I clearly recall one angry parent who came to see me with a concern about a decision made about his child at one of our elementary schools. He explained his situation and ended by saying, “And I trust your opinion on this. I have read your blog and know you have four kids in school, so you obviously understand what it is like to be a parent.” In a way, my blog validated my credibility, not because of anything I had said, but because it helped to make me more real.
Social media engagement also allows leaders to keep tabs on what is being said in the community and elsewhere about your school or district. One can follow students, teachers, parents, media, politicians and others and then engage with them. Often, what is in the newspaper tomorrow or the day after is being discussed on social media today. The community wants to know what the superintendent thinks, and blogging lets us do this on our own terms.
Our Own Words
There are many people who are happy to provide a version of what the superintendent thinks and says. The local news media often paraphrase the remarks of the superintendent, as do union leaders and others in the community. Social media allows us a platform to connect directly with the community to tell our story. Instead of lamenting that our stories are not told factually and fully and that the only news reported is bad news, we can change that — by telling our own stories through social media.
The proliferation of social media had led to more public gossiping than ever. By the same token, the use of social media can help us reach our community unfiltered. I know my blog posts — typically two to four a month — influence the watercooler conversations in our schools. When I wanted our district to engage in a conversation about final exams, a blog post on the topic laying out some of the positives and negatives helped guide the conversation.
The profile and political nature of our job and the relationship with the school board and government officials all can give pause. I am careful and clear about the areas I discuss in social media and those I don’t. My focus is on teaching and learning. While I spend time discussing budgets and labour contracts with our board, those are issues for them to speak about publicly.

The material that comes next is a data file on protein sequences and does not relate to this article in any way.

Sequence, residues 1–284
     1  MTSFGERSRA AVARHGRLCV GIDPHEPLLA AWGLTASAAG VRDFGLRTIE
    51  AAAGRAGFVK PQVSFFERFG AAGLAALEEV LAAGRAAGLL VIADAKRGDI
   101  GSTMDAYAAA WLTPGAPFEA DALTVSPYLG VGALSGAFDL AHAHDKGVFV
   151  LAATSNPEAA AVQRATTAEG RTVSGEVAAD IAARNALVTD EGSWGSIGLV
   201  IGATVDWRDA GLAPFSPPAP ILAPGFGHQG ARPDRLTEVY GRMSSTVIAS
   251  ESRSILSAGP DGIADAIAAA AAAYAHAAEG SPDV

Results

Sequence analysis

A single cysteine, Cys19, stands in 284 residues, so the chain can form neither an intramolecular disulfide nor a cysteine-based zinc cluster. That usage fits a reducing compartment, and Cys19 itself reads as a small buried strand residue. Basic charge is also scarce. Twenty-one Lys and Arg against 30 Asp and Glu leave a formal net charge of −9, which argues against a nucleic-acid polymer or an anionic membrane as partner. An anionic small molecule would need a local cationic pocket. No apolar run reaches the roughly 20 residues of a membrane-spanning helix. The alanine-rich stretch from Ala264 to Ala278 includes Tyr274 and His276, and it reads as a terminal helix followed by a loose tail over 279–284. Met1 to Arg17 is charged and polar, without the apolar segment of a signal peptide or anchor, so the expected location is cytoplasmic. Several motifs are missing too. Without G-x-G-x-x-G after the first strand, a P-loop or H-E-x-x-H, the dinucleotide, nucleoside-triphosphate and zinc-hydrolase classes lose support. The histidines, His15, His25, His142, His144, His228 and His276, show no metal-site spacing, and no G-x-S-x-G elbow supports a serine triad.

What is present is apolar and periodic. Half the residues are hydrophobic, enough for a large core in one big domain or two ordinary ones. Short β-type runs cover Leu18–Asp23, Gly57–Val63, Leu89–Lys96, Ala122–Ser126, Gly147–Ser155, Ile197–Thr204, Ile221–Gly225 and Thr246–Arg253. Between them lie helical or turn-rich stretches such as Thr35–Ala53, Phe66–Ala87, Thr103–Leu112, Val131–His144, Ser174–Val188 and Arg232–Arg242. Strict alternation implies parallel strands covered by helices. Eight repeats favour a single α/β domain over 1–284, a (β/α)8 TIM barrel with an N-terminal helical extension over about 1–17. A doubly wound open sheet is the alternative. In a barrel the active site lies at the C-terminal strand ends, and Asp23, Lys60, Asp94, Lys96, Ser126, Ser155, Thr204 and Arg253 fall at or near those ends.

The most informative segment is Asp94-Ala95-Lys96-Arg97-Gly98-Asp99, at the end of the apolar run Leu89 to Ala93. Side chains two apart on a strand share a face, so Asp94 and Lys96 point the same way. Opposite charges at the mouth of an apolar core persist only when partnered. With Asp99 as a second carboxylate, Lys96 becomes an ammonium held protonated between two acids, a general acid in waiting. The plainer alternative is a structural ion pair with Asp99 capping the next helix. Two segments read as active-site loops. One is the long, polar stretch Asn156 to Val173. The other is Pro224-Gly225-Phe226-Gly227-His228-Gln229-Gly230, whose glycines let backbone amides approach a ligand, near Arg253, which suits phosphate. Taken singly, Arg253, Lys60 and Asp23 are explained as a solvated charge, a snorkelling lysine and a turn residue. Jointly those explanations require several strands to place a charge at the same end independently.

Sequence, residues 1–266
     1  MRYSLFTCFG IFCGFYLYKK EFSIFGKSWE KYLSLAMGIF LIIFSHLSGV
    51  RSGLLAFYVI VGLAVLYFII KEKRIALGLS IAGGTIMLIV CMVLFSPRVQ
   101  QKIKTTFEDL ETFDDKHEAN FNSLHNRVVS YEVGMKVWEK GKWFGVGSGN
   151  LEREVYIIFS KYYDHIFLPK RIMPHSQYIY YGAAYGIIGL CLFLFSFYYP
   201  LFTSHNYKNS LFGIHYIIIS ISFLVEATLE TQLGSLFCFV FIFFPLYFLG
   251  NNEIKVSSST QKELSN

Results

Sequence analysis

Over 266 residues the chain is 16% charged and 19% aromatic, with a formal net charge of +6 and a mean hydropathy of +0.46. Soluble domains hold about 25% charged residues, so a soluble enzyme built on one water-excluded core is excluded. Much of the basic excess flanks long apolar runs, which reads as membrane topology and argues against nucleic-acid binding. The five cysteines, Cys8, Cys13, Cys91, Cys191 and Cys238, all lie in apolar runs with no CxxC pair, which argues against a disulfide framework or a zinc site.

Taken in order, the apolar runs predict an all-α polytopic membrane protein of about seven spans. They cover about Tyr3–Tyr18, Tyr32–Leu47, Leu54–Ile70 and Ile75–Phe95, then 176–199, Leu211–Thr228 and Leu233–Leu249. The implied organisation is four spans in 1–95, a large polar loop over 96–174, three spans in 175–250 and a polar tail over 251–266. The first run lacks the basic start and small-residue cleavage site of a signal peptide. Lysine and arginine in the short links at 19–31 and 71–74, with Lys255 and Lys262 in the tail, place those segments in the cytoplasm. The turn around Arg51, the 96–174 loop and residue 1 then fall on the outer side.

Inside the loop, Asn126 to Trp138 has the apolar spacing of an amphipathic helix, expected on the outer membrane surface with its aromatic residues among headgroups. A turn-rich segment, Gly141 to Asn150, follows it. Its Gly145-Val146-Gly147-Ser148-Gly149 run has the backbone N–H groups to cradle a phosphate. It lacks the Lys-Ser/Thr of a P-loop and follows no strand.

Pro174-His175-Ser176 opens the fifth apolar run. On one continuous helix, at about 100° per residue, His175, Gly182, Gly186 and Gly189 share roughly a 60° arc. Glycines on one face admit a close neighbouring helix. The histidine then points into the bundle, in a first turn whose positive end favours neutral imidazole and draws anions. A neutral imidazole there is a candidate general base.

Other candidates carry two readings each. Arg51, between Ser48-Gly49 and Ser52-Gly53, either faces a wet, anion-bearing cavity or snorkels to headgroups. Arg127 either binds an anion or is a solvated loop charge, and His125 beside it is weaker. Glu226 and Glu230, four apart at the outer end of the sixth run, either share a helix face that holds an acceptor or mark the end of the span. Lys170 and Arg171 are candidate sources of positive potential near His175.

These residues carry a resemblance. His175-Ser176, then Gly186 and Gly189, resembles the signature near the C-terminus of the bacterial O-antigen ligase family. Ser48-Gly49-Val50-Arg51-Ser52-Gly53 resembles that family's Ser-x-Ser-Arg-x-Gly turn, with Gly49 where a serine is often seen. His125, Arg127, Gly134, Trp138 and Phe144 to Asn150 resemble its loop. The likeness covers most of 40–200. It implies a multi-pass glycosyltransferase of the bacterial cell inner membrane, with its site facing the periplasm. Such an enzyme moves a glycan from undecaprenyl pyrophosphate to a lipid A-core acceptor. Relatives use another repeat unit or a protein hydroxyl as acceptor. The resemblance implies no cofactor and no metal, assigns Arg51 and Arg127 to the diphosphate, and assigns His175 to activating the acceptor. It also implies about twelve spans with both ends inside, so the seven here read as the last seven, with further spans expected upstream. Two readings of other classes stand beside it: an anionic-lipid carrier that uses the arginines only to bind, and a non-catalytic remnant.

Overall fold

While others will gladly say what we believe if we let them, social media does help break down some of the traditional barricades to reaching the people we want to teach. It also can humanize us and allow us to share our thoughts and stories in our own words.
Professional learning and development for educators used to be scarce. Educators depended on monthly magazines, professional journals and occasional conferences. Now phenomenal resources are available just one or two clicks away.
While school districts’ physical boundaries remain well-defined, when it comes to professional learning, the district geography is blurry and becoming ever-less important. We are finding ways to connect and engage online that have little to do with geography. And just what can you find online? Without question, another superintendent in another school district is wrestling with the same issues you are dealing with.
My digital professional network has enhanced my face-to-face network. At last year’s AASA National Conference on Education, I connected with many colleagues I had known only digitally until then. I have found a common trend that I connect with people online and then meet them and then continue online — the combination of both digital and face-to-face connections has made these relationships far stronger than those I know exclusively online or in person.
Through Twitter and blogs, I have discovered we can connect with others in the field, solve problems, and open ourselves up to new ideas and learning.
Doors to Opportunity
Social media opens up opportunities. It gives space to highlight the work in our school districts. Each week I am sharing the best practices and programs I see in our schools — from teachers using inquiry, to students being able to self-regulate to maximize learning, to schools using digital devices. And then we can connect this work across the district and around the world.
Being engaged also opens up personal opportunities — from speaking and consulting opportunities to first insight on job openings. Social media means you have the power of your network to bring to any future job.
Anyone who sees participation in social media as another demand on an already full schedule hasn’t yet discovered the power that participation can have. None of us is truly too busy to blog, tweet or otherwise engage in social media. If we aren’t doing it, we just haven’t yet realized why it should be a priority.
West Vancouver is a school district of just over 7,000 students in British Columbia, Canada. But through involvement and engagement of our staff in social media, we are known around the world.